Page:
Although Nicolas Lenglet Du Fresnoy and Clément Charles François de Laverdy are credited with the first full-length biographies of Joan, several English authors ironically sparked a movement which lead to her canonization. Harvard University English literature professor Herschel Baker noted in his introduction to Henry VI for The Riverside Shakespeare how appalled William Warburton was by the depiction of Joan in Henry VI, Part 1, and that Edmond Malone sought in “Dissertation on the Three Parts of Henry VI” to prove Shakespeare had no hand in its authorship. Charles Lamb chided Samuel Taylor Coleridge for reducing Joan to “a pot girl” in the first drafts of The Destiny of Nations, initially part of Robert Southey’s Joan of Arc. She was the subject of essays by Lord Mahon for The Quarterly Review, and by Thomas De Quincey for Tait’s. In 1890, the Joan of Arc Church was dedicated to her.

As Joan found her way further into popular culture, the Government of France commissioned Emmanuel Frémiet to erect a statue of her in the Place des Pyramides — the only public commission of the state from 1870 to 1914. The French Navy dedicated four vessels to her: a 52-gun frigate; a 42-gun frigate; an ironclad corvette warship ; and an armored cruiser. Philippe-Alexandre Le Brun de Charmettes’s biography, and Jules Quicherat’s account of her trial and rehabilitation seemed to have inspired canonization efforts.

In 1869, to celebrate the 440th anniversary of Joan lifting the Siege of Orléans, Félix Dupanloup, Bishop of Orleans, invited the bishops whose dioceses included the towns which Joan entered or liberated during her career to Orléans. Supported by Henri-Alexandre Wallon, Dupanloup submitted a petition, signed by the attending dignitaries, to Pope Pius IX for Joan to be canonized, but the Franco-Prussian War postponed further action.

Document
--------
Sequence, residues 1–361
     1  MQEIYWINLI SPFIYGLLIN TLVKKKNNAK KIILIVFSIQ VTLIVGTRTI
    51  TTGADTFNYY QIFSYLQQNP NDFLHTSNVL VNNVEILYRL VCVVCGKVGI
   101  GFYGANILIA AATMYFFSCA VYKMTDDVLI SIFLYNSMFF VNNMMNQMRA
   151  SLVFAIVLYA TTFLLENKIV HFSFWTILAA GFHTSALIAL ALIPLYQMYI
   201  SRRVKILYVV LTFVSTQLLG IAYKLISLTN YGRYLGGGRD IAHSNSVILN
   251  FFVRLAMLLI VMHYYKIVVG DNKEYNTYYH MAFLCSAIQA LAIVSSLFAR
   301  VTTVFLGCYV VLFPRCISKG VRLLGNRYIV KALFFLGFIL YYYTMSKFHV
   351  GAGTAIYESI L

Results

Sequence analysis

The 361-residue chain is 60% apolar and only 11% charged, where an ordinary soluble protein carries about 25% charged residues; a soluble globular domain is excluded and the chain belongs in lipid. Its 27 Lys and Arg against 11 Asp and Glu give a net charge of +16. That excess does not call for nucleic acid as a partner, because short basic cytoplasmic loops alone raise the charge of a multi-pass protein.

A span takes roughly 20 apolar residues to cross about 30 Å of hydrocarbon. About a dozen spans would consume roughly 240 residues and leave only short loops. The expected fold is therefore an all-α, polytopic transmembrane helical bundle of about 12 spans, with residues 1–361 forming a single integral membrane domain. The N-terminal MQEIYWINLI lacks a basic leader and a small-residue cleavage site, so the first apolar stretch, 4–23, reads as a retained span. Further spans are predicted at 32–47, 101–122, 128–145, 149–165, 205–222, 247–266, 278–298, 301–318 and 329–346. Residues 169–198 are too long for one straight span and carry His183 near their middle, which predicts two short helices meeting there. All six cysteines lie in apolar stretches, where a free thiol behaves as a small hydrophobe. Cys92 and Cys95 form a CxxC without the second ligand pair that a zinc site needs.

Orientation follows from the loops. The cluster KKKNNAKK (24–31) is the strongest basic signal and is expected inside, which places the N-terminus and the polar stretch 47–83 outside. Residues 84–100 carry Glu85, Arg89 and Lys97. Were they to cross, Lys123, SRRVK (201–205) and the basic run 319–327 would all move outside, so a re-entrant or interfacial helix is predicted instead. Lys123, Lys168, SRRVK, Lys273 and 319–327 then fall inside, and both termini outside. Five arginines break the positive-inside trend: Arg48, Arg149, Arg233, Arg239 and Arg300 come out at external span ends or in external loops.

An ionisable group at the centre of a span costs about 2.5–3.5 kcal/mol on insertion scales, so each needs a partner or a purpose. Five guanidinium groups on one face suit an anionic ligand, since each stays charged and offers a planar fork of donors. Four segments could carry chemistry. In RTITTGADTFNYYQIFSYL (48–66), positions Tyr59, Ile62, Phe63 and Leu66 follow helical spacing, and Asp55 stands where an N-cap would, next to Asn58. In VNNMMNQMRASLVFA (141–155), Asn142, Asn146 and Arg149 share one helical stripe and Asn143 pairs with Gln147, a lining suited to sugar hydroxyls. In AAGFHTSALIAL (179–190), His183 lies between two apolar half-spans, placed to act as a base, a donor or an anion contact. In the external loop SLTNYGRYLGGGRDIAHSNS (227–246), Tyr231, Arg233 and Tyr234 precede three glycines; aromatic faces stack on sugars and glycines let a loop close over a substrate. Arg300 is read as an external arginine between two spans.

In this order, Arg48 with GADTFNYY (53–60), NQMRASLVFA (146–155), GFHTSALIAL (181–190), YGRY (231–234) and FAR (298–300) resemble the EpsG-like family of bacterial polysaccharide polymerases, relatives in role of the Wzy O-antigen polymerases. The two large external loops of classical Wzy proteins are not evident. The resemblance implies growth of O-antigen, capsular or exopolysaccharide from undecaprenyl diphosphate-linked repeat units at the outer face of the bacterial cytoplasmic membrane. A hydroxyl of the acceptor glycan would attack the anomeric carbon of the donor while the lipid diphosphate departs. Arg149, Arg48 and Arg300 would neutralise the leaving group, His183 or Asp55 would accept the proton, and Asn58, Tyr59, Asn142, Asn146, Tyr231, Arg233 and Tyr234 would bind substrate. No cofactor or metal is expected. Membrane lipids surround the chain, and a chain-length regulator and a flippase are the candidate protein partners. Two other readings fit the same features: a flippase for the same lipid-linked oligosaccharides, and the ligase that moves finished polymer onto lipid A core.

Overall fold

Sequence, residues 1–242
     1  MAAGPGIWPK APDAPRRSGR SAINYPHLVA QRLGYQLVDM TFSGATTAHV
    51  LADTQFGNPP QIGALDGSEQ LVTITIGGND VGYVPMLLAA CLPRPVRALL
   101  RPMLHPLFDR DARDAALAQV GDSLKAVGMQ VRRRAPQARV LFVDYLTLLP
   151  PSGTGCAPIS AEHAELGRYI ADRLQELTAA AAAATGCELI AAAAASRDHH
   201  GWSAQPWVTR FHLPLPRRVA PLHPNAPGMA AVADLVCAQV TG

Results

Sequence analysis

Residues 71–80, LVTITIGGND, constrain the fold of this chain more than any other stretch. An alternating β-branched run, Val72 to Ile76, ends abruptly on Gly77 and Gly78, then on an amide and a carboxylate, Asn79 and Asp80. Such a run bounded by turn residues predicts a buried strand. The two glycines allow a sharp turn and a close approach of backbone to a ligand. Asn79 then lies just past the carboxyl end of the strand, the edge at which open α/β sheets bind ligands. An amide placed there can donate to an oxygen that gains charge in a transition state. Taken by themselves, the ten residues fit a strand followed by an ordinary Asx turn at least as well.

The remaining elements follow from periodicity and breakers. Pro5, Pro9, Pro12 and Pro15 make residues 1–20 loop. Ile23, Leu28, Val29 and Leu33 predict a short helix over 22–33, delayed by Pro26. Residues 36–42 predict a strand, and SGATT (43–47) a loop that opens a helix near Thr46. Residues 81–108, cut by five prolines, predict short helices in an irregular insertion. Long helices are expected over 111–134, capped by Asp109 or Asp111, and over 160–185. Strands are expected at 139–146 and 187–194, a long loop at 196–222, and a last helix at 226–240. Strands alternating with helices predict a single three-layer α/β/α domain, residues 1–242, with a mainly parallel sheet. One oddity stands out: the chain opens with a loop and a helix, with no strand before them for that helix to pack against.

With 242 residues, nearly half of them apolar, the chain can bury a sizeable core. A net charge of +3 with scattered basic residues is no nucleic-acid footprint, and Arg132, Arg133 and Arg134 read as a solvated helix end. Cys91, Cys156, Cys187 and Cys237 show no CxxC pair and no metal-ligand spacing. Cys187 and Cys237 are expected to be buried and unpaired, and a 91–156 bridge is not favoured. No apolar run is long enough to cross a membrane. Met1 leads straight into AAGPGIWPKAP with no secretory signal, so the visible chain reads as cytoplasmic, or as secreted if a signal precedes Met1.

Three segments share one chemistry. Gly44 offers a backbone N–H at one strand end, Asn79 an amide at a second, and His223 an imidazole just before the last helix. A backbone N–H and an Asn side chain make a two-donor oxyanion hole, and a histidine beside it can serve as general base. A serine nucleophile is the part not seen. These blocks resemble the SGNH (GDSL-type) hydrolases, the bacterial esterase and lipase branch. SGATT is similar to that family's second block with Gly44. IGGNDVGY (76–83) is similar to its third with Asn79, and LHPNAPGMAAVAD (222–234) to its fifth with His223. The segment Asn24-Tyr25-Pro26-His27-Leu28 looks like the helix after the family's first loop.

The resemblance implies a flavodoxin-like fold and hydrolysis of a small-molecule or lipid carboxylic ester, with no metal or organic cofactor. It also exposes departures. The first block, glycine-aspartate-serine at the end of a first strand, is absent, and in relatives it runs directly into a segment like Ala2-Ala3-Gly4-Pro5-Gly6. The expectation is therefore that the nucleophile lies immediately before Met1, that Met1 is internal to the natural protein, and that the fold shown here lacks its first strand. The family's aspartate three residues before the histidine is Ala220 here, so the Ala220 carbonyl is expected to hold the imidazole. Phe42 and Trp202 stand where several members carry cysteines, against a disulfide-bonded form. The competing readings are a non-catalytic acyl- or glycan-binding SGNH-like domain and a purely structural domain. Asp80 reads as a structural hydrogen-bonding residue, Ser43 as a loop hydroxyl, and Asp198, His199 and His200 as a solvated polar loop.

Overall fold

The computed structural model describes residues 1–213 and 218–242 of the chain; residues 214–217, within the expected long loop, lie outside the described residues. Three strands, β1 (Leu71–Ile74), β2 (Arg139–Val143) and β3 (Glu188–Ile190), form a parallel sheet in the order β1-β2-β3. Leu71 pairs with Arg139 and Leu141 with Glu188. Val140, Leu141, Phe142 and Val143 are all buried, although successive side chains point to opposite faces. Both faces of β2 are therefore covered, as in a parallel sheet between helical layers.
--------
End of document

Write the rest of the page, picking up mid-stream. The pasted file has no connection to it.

In 1874, depositions began to be collected, received by Cardinal Luigi Bilio in 1876. Dupanloup’s successor, Bishop Pierre-Hector Coullié, directed an inquest to authenticate her acts and testimony from her trial and rehabilitation. On January 27, 1894, the Curia voted unanimously that Pope Leo XIII sign the Commissio Introductionis Causæ Servæ Dei Joannæ d’Arc, which he did that afternoon.

17 April 1961

A group of Cuban exiles financed and trained by the CIA lands at the Bay of Pigs in Cuba with the aim of ousting Fidel Castro.

The Bay of Pigs Invasion was a failed military invasion of Cuba undertaken by the Central Intelligence Agency CIA-sponsored paramilitary group Brigade 2506 on 17 April 1961. A counter-revolutionary military group, trained and funded by the CIA, Brigade 2506 fronted the armed wing of the Democratic Revolutionary Front and intended to overthrow the increasingly communist government of Fidel Castro. Launched from Guatemala and Nicaragua, the invading force was defeated within three days by the Cuban Revolutionary Armed Forces, under the direct command of Castro.

The coup of 1952 led by General Fulgencio Batista, an ally of the United States, against President Carlos Prio, forced Prio into exile to Miami, Florida. Prio’s exile was the reason for the 26th July Movement led by Castro. The movement, which did not succeed until after the Cuban Revolution of 31 December 1958, severed the country’s formerly strong links with the US after nationalizing American economic assets.

It was after the Cuban Revolution of 1959, that Castro forged strong economic links with the Soviet Union, with which, at the time, the United States was engaged in the Cold War. US President Dwight D. Eisenhower was very concerned at the direction Castro’s government was taking, and in March 1960 he allocated $13.1 million to the CIA to plan Castro’s overthrow. The CIA proceeded to organize the operation with the aid of various Cuban counter-revolutionary forces, training Brigade 2506 in Guatemala. Eisenhower’s successor, John F. Kennedy, approved the final invasion plan on 4 April 1961.

Over 1,400 paramilitaries, divided into five infantry battalions and one paratrooper battalion, assembled in Guatemala before setting out for Cuba by boat on 13 April 1961. Two days later, on 15 April, eight CIA-supplied B-26 bombers attacked Cuban airfields and then returned to the US. On the night of 16 April, the main invasion landed at a beach named Playa Girón in the Bay of Pigs. It initially overwhelmed a local revolutionary militia. The Cuban Army’s counter-offensive was led by José Ramón Fernández, before Castro decided to take personal control of the operation. As the US involvement became apparent to the world, and with the initiative turning against the invasion, Kennedy decided against providing further air cover. As a result, the operation only had half the forces the CIA had deemed necessary. The original plan devised during Eisenhower’s presidency had required both air and naval support. On 20 April, the invaders surrendered after only three days, with the majority being publicly interrogated and put into Cuban prisons.